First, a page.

Back before Omar Ishrak retired last year as the chief executive of Medtronic PLC, run out of Fridley, it's unlikely the board ever gave him $15 million to buy whatever he wanted.
Yet Medtronic seems ready to give that to him now that he's the co-founder and chairman of the board of something called Compute Health Acquisition Corp.
What Compute Health will do with Medtronic's money can't be known, because this is a special purpose acquisition company, usually called a SPAC or a blank check company.
It's going public without a business, so there's nothing to analyze or carefully weigh against any other alternatives for Medtronic's $15 million.
Medtronic's pledge to invest so far isn't binding, but if it goes ahead this deal might turn out to be a rewarding investment. Ishrak's record is as proven as any executive in his industry and he has colleagues with strong resumes, too.
Maybe it's a sign of how powerful this SPAC boom has become that even industry statesmen such as Ishrak have come up with one.
Compute Health filed to go public last week, with a right to buy into any industry but with an intention to find an acquisition in exactly the line of business its name suggests, at "the intersection of computation and healthcare." Its plan is to sell at least $750 million in stock and warrants to the public.
Last week saw more than two-dozen other new filings by SPACs seeking to go public, a speculative bonanza in SPACs that just keeps rolling. At least 79 have gone public this year already and about 250 of them went public last year, raising more than $100 billion. The vast majority are still empty shells in search of a business to buy.
This could become a fine illustration of an old observation in investing: A shortage of money is rarely the problem; a good deal is always hard to find.
This blind pool model has been popular before, and it really hasn't changed. These companies raise money on the strength of reputation, management track record and speculative hope, then go find a business to acquire.
Once the deal closes, there's a newly public operating company with what's left of the IPO proceeds after, among other things, the investment bankers deducted their considerable fees.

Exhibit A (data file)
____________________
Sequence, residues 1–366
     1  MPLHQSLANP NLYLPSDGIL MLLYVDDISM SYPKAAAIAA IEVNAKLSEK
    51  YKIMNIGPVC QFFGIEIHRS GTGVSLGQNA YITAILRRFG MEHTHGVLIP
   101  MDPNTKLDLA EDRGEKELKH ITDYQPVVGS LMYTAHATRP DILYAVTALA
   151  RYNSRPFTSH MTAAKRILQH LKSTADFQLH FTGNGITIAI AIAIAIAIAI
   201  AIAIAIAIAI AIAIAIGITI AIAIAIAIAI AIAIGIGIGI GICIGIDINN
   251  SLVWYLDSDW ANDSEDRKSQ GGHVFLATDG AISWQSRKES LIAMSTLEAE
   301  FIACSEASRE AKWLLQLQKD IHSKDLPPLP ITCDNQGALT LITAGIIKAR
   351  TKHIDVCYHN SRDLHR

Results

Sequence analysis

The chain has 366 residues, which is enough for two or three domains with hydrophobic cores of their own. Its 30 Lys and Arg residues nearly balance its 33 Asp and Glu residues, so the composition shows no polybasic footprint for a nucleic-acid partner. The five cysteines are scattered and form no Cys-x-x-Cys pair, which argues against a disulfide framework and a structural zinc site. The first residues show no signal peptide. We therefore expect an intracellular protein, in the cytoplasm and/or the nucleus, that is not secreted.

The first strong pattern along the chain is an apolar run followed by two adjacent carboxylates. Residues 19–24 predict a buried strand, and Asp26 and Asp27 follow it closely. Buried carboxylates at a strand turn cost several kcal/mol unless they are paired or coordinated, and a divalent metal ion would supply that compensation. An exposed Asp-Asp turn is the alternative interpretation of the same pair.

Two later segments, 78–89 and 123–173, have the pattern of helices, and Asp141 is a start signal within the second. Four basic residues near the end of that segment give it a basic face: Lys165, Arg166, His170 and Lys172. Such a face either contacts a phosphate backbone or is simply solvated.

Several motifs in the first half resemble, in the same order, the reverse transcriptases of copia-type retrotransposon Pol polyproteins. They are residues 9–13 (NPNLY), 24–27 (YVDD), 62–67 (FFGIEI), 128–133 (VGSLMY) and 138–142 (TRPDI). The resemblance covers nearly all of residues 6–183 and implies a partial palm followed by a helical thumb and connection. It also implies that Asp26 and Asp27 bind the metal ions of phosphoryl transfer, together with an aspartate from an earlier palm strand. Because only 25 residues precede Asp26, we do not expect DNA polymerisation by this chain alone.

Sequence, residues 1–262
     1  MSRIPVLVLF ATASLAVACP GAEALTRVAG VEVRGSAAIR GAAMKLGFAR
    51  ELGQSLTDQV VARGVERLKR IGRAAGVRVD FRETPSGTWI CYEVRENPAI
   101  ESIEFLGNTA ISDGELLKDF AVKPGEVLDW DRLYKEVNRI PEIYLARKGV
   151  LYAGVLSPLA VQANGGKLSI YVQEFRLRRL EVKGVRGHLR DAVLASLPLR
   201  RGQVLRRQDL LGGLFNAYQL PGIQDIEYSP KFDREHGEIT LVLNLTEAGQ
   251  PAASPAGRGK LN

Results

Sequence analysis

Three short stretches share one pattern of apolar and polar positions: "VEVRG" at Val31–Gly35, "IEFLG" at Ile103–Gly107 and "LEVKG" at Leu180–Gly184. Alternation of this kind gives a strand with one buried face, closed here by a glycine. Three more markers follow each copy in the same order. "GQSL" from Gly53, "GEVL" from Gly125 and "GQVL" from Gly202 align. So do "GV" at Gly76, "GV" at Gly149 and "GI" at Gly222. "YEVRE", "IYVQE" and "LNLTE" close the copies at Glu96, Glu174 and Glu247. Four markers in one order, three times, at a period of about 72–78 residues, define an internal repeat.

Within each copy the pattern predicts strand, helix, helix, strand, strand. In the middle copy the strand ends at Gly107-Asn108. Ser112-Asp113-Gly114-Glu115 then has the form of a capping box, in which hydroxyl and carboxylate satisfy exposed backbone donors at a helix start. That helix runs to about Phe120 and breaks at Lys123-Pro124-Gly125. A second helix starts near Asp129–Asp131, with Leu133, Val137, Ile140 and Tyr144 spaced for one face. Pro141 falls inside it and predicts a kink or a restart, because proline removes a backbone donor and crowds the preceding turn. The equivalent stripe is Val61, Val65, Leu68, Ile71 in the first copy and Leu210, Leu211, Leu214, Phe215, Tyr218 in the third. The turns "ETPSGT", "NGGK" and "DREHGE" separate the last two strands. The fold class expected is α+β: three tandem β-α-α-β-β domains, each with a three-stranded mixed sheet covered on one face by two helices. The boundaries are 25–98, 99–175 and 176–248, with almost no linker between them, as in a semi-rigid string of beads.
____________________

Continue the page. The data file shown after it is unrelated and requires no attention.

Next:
As for the "sponsor," meaning the investment firm or group of executives who put together the SPAC, they end up with a big chunk of ownership they may not have even had to pay for.
The traditional route of going public via an initial public offering is still open, and there have been some high-profile IPO successes of late, too. The surge in SPACs is in part an acknowledgment that the IPO process is cumbersome and carries with it some legal risk, when putting together an in-depth story of the business and collecting in one spot the information deemed important for investors.
Combining an operating company with a public company isn't exactly light work, though, and that includes preparation of disclosures for the shareholder vote that might end up as thick as one of those IPO registration statements.
What really seems to be happening here with SPACs is more or less the same business activity — going public — taking place in a different market where the regulations let people get away with more.
When a company sells stock to the public for the first time, there are both rules and common-sense limits to what managers say about future prospects.
But the managers of a private company targeted by the SPAC aren't taking it public via a closely regulated process. They are completing a merger.
Yes, the sole point of the merger is to take the business public via that blank check company, which had no operations and a corporate headquarters that was probably just a filing cabinet in some trust company office.
How free have executives found this environment for saying just about anything they want? Just for fun, investors may want to look back at some of the coverage before the June 2020 merger of electric- and hydrogen-powered truck startup Nikola and something called VectoIQ Acquisition Corp., particularly any interview with Nikola founder Trevor Milton.
He didn't sound like a prospective CEO of a publicly held company. More like a boisterous hockey fan enthusiastically talking up his team's prospects for the Cup.
Milton left the company in September after allegations he had misled investors.
Attorney Phil Colton, of Winthrop & Weinstine in Minneapolis, said he isn't convinced the appeal of SPACs is about avoiding the regulatory oversight of traditional IPOs, adding that "the smart thing to do" is stay away from banging the drum for your company whether it's privately held or has filed to go public. He later forwarded a helpful article that explained some of the ways SPAC managers, sponsors and target-company managers still could incur a bunch of legal or regulatory enforcement risk.
With provisions like having to return the money to shareholders in two years if no deal materializes, he said, there are also specific investor protections baked into SPAC offerings.
Either way, he said, "it still comes down to what is the business and does the deal make sense and who is running it."
Maybe the whole SPAC phenomenon is just another version of betting on the jockey and not the horse, as another old expression in investing goes. Although in this case, there's no horse even standing there to ignore.
There have also been famous investors who occasionally put it exactly the opposite way, including Berkshire Hathaway's Warren Buffett, who has said that a ham sandwich could run the Coca-Cola Co., long part of Berkshire's portfolio.
The horse-vs.-jockey analogy has always seemed to be a silly way to frame investment decisions. It's tough enough to consistently generate good returns by carefully considering the horse, the jockey and every other bit of information that might mean something.
Maybe by the time this SPAC boom ends, some investors will have rediscovered that bit of wisdom.